VIRTUES OF THE HOLY QUR'AAN
HADITH - 3
Hadhrat 'Uqbah ibn Aamir (Radhiyallaho anho) has said:
"Rasulullah (Sallallaho alaihe wasallam) came to us while
we were sitting on the Suffah and asked if any one of us would
like to go to the market of But-haan or Aqeeq and fetch from there
two she-camels of the finest breed without committing any sin
or severing a tie of kinship. We replied that everyone of us would
love to do so. Rasulullah (Sallallaho alaihe wasallam) then said
that going to the musjid and reciting or teaching two ayaat of
the Qur'an is more precious than two she-camels, three ayaat are
most precious than three she-camels, and that similarly reciting
or teaching of four ayaat is better than four she-camels and an
equal number of camels.
"Suffah" is the name of a particular raised platform
in the Mosque of the Holy Prophet (Sallallaho alaihe wasallam) in
Medina. It used to be occupied by the poor Muslim muhajirin (Plural
of muhajir-emigrant from Mecca to Medina) who are known as "Ashab-us-Suffah"
(Men of Suffah). The number of these men varied from time to time:
'Allamah Suyuti (Rahmatullah alaih) has listed one hundred and one
names and also written an independent booklet about their names.
But-han and Aqeeq were the two market-places for camels near Medina.
The camel, more particularly a she-camel having a fat hump, was
a favourite of the Arabs.
The expression "without sin" is significant. A thing
can be acquired without labour either by extortion, through illegal
inheritance (by forcefully taking over the property of some relative)
or by theft. Rasullullah (Sallallaho alaihe wasallam) thus ruled
out all such acquisitions. Acquiring a thing without any sin is
certainly preferred by all, but much more valuable is the learning
of a few ayaat.
It is a clear fact that let alone one or two camels, even if one
acquires the kingdom of all the seven continents one will be forced
to leave it, if not today surely tomorrow (at the time of death),
but the reward of one ayat will be everlasting. We see even in this
life that a man feels happier when he is given only one rupee (without
the condition of returning it), rather than if he is given one thousand
rupees for keeping in his safe custody for a while only. In the
latter case, he is merely burdened with a trust without getting
any benefit out of it.
In fact, this Hadith implies an admonition not to compare something
temporary with something eternal. Whether in action or at rest,
a man should consider if his efforts are being wasted on acquiring
the temporary gains of this world, or, are directed towards achieving
the everlasting ones. Woe be to the waste of effort for which we
earn eternal misery.
The last phrase of the Hadith "superior to an equal number
of camels" contains three meanings. First, up to the number
four, the reward has been mentioned in detail. Beyond this, it is
briefly mentioned that the more ayaat a person acquires, the greater
will be their superiority over the number of camels. In this case,
the word "camels" at the end refers to the species—either
he-camels or she-camels—and the number implied is more than
four because, up to the number four, the reward has been mentioned
The second meaning is that the numbers mentioned are the same as
referred to earlier, the significance being that inclinations are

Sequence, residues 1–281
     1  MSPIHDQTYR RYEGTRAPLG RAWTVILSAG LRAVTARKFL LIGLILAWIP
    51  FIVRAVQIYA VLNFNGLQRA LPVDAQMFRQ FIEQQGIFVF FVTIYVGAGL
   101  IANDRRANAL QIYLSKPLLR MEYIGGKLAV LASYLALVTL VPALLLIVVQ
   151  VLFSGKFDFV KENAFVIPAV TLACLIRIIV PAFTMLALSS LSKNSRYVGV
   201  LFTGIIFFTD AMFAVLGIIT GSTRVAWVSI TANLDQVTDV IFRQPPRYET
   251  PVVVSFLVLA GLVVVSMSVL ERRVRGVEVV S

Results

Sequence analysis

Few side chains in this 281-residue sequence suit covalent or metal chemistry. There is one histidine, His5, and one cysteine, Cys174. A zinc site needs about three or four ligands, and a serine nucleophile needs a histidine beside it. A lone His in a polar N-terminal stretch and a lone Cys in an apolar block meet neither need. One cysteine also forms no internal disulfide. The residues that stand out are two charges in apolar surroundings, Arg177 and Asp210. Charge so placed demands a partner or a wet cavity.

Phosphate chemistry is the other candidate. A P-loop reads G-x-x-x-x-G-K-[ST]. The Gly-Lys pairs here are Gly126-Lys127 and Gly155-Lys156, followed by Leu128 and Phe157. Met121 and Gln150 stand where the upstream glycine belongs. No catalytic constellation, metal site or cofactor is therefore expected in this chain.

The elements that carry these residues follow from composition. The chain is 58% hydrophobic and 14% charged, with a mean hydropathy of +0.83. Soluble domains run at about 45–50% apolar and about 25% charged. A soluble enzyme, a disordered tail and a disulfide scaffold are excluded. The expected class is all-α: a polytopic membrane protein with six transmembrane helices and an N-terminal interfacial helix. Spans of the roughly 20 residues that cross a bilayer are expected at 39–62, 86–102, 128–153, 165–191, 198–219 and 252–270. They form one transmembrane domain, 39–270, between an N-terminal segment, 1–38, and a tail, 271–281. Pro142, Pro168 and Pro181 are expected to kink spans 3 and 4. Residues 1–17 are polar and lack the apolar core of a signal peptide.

always different; some are fond of she-camels, others prefer a he-camel.
Therefore Rasulullah (Sallallaho alaihe wasallam) has used this
expression to signify that every ayat is superior to a she-camel,
and if one prefers a he-camel, an ayat is also superior to a he-camel.
The third meaning is that the numbers mentioned are the same as
referred to before and not more than four.
According to the second meaning, the explanation that an ayat is
superior to a she-camel or he-camel does not hold good, but it implies
a collection, i.e., one ayat is superior to a he-camel and a she-camel
considered together, and likewise every ayat is superior to the
combination of an equal number of he-camels or she-camels. Thus
a single ayat has been compared to a pair or couple (of camels).
My late father (May Allah bless his grave with Divine light) has
preferred the latter interpretation because it points to a superior
This however, does not mean that the reward of an ayat can be equaled
to a camel or two camels. All this is for inducement and illustration.
It has been clearly written before that an ayat whose reward is
permanent and enduring is superior and preferable even to a kingdom
over the seven continents, which is bound to disintegrate.
Mulla 'Alt Qari has written an account of a pious Shaikh who went
to Mecca for Haj] on the 9th day of Dhul Hijjah—the 12th month
of the Islamic calendar. When he landed at Jiddah, some of his friends
in business requested him to prolong his stay in Jiddah, so that
they could earn more profit for their merchandise by virtue of his
blessed presence. In fact they wanted that some of the servants
of the Shaikh be benefited by the profits of their business.
At first the Shaikh expressed his inability to prolong his stay,
but when they insisted the Shaikh asked them as to the maximum profit
that they would earn for their goods. They explained that the profit
was not the same in all cases; but the maximum that they could expect
was hundred per cent.
The Shaikh said, "You have taken all this trouble for such
a petty gain; for such an insignificant gain. I cannot miss the
salaat in the respected Haram (the most Sacred Mosque), where the
reward of salaat gets multiplied one hundred thousand times.*' In
fact, we Muslims should consider how, for petty worldly gains, we
sometimes sacrifice great spiritual benefits.
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